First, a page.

Stronger bone for oral surgery created by introducing microcracks in the jawbone
A recent article in the Journal of Oral Implantology describes an approach to oral implant surgery for patients with severely atrophic jaws that stimulates bone activation of the future implant location. More complicated procedures such bone grafts and sinus lifts have met with success, but are not always desirable.
Journal of Oral Implantology — Although it seems counterintuitive, a bone break can lead to a stronger bone that can support an oral implant. Introducing microcracks in the jawbone stimulates bone growth. Once greater bone density is established in the jaw, patients have an improved opportunity for successful placement of oral implants and dental prostheses.
An article in the Journal of Oral Implantology describes an approach to oral implant surgery for patients with severely atrophic jaws that stimulates bone activation of the future implant location. More complicated procedures such bone grafts and sinus lifts have met with success, but are not always desirable.
Dental patients with severely atrophic jaws have poor quality and quantity of bone in which to place an implant. Using the Osteotensor, a purpose-designed instrument, a series of microcracks are created in the jawbone. A biological response then takes place: proteins, stem cells, and other growth factors work to regenerate the bone.
After 45 to 90 days, implant surgery can take place. Solid titanium disks are implanted into the bone bed and covered by biomaterial. A rigid, screw-fixed prosthesis can then be immediately loaded and become functional.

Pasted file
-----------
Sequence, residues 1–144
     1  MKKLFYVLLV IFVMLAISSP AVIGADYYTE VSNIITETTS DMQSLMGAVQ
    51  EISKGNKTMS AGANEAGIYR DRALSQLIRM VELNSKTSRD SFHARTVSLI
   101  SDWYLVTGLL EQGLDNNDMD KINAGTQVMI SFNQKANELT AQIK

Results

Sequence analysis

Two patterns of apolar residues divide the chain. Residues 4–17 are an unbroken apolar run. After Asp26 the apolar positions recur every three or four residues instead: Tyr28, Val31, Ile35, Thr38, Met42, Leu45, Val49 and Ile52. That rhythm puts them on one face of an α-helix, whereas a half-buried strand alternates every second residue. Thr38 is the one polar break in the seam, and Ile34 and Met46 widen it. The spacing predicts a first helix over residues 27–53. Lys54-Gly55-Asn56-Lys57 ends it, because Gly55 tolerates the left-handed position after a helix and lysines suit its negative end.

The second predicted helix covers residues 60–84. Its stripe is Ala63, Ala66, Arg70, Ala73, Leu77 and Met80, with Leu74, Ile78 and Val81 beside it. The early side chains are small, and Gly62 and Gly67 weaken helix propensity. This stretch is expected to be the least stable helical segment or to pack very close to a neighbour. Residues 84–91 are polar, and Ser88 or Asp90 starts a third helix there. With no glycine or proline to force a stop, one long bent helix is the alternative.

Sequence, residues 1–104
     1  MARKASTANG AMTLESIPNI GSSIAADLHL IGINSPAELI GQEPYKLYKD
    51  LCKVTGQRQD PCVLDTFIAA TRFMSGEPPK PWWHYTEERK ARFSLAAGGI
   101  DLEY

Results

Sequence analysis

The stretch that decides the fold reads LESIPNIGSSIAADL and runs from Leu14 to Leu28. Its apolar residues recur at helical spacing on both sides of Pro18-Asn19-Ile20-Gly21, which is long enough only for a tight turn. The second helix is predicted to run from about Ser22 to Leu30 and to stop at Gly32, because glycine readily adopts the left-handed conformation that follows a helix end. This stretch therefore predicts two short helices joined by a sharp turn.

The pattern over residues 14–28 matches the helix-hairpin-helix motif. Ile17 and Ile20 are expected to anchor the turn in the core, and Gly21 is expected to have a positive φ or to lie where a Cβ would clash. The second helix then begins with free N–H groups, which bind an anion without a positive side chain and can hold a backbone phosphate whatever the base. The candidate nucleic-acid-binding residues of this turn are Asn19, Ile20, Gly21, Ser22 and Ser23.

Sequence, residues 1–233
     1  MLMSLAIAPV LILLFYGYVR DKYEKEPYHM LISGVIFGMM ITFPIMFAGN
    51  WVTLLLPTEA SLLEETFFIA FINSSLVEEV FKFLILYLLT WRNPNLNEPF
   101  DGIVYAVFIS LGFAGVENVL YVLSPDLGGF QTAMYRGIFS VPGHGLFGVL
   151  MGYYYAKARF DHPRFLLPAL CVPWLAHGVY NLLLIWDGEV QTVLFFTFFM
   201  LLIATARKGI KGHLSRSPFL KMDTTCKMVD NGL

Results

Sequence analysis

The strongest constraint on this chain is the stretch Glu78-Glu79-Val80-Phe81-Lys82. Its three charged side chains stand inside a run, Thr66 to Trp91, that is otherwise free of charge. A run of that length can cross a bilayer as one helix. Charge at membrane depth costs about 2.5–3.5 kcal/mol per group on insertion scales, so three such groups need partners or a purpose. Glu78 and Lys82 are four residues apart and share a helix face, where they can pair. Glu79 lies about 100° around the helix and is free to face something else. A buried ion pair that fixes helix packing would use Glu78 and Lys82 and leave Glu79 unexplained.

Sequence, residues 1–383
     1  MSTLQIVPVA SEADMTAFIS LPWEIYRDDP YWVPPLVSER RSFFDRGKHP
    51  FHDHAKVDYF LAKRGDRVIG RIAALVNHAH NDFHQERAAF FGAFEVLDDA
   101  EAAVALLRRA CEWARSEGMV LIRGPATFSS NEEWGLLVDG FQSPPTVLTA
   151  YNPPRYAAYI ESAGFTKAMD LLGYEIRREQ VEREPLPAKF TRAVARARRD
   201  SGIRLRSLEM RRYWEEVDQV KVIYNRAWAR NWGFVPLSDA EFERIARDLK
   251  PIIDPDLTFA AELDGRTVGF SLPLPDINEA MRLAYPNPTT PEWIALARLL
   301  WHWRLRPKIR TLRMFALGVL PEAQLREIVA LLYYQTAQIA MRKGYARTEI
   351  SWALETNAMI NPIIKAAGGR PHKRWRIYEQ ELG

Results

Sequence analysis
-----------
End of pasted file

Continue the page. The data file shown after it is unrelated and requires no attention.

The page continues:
The authors of the article report the case of a 74-year-old woman treated with this technique after she declined to undergo a bone grafting procedure. Forty-five days after microcracks induced bone activation, the same Osteotensor instrument could no longer penetrate bone at 23 of 42 impact sites. After 90 days, none of the sites could be penetrated. Softer, type IV bone had been transformed to harder, type II bone, and it was safe to proceed with implant surgery.
Two years later, the patient’s implants were osseointegrated, and the regenerated bone had become functional bone. For this patient and others who may have experienced implant loss or bone graft failure, this procedure can offer a second chance for implant success.
Full text of the article, “Fixed Rehabilitation of Severely Atrophic Jaws Using Immediately Loaded Basal Disk Implants After In Situ Bone Activation,” Journal of Oral Implantology, Vol. 38, No.5, 2012, is available here.
The Journal of Oral Implantology is the official publication of the American Academy of Implant Dentistry and of the American Academy of Implant Prosthodontics. It is dedicated to providing valuable information to general dentists, oral surgeons, prosthodontists, periodontists, scientists, clinicians, laboratory owners and technicians, manufacturers, and educators. The JOI distinguishes itself as the first and oldest journal in the world devoted exclusively to implant dentistry. For more information about the journal or society, please visit their website.